Over the past decade, it has been possible to significantly expand access of HIV-infected people to antiretroviral drugs and condoms. The number of deaths from AIDS-related diseases has nearly halved, and the number of new infections among adults has decreased by 19 percent. However, this success has not affected everyone: in the countries of Eastern Europe and Central Asia, during the same period, the number of new HIV infections increased by 30 percent.
“When 18 years ago, the UN General Assembly held its first special session devoted to this epidemic, it was impossible to imagine a world without AIDS. Since then, the fight against the immunodeficiency virus has made incredible progress, ”says the Secretary-General’s report, which was discussed today at a meeting of the UN General Assembly on the implementation of the Declaration of Commitment on HIV / AIDS.
Between 2008 and 2017, AIDS mortality was reduced by 43 percent, the number of new infections among children — by 45 percent, and among adults — by 19 percent. The number of people who got access to treatment increased by five and a half times. In 2017, out of 36 million infected people, over 21 million received treatment.
“The tremendous achievements of the last decades in the fight against HIV, which have been achieved under the auspices of UNAIDS, are one of the most successful examples of the effectiveness of multilateral initiatives. And this clearly shows what can be achieved if we unite efforts around a common goal, ”said Maria Fernanda Espinosa.
However, impressive progress in fighting the HIV epidemic, as noted by the UN Secretary-General, is not observed everywhere. Dozens of countries and entire regions will not be able to complete their tasks.
“In Eastern Europe and Central Asia, for example, the number of new HIV infections has increased by 30 percent since 2010, and in the Middle East and North Africa, the death rate from AIDS-related diseases increased by 11 percent over the same period,” - noted in the report of the Secretary-General. The problems that prevent the eradication of AIDS are many, and they vary from country to country. But the main reason for this state of affairs is criminal prosecution for same-sex relationships, injecting drug use and sexual services.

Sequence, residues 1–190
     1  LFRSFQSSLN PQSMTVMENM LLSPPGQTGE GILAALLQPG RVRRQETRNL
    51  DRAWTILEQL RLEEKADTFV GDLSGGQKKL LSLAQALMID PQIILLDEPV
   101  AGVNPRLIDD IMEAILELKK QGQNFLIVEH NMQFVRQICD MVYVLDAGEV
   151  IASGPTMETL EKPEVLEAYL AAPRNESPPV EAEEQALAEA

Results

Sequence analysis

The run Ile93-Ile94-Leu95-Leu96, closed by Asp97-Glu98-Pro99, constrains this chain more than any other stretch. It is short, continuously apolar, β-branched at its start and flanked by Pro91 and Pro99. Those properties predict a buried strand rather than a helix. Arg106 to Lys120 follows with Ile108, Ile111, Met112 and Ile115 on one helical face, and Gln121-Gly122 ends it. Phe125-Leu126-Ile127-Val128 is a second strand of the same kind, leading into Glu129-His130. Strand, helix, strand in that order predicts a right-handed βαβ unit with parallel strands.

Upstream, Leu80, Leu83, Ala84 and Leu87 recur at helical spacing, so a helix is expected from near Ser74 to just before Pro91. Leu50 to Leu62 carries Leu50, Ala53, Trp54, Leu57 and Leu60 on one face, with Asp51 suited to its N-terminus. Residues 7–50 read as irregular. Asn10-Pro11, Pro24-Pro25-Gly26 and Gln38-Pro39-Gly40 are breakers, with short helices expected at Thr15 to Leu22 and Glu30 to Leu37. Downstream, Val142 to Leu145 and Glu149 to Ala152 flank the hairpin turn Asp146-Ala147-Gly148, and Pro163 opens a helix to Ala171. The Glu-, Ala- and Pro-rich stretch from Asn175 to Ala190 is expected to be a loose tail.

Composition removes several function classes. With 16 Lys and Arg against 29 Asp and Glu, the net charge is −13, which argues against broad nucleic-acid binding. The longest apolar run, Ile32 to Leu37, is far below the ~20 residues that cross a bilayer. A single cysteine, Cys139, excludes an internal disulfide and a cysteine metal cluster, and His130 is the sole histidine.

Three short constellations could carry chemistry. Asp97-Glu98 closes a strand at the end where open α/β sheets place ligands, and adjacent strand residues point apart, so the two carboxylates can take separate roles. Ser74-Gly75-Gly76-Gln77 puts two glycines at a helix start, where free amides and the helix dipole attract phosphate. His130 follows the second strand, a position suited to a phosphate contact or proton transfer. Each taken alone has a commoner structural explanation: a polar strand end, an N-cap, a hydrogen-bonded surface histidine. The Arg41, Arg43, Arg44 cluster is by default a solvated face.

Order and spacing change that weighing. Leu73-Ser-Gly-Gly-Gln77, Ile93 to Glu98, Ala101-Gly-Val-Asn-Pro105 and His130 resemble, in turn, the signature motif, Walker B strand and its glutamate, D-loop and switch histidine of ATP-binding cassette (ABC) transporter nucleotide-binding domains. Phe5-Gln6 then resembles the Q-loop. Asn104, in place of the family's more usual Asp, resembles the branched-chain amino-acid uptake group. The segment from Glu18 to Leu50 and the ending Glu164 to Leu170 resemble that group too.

For example, in 68 countries around the world, laws and regulations that criminalize same-sex sexual relations still exist. In 17 countries, transgender people are being prosecuted. In 116 countries, the services of prostitutes are considered crime, and in 33 countries they are executed for drug-related crimes. All these measures are driving people underground. They are afraid to seek help, to be tested. This means that the virus is detected at a late stage, treatment begins late, many do not comply with the treatment regimen and thus increases the risk of spreading the disease.
Nevertheless, according to the UN Secretary-General, “most countries in all regions with any income level have opportunities” to end the AIDS epidemic as a threat to public health by 2030 ”.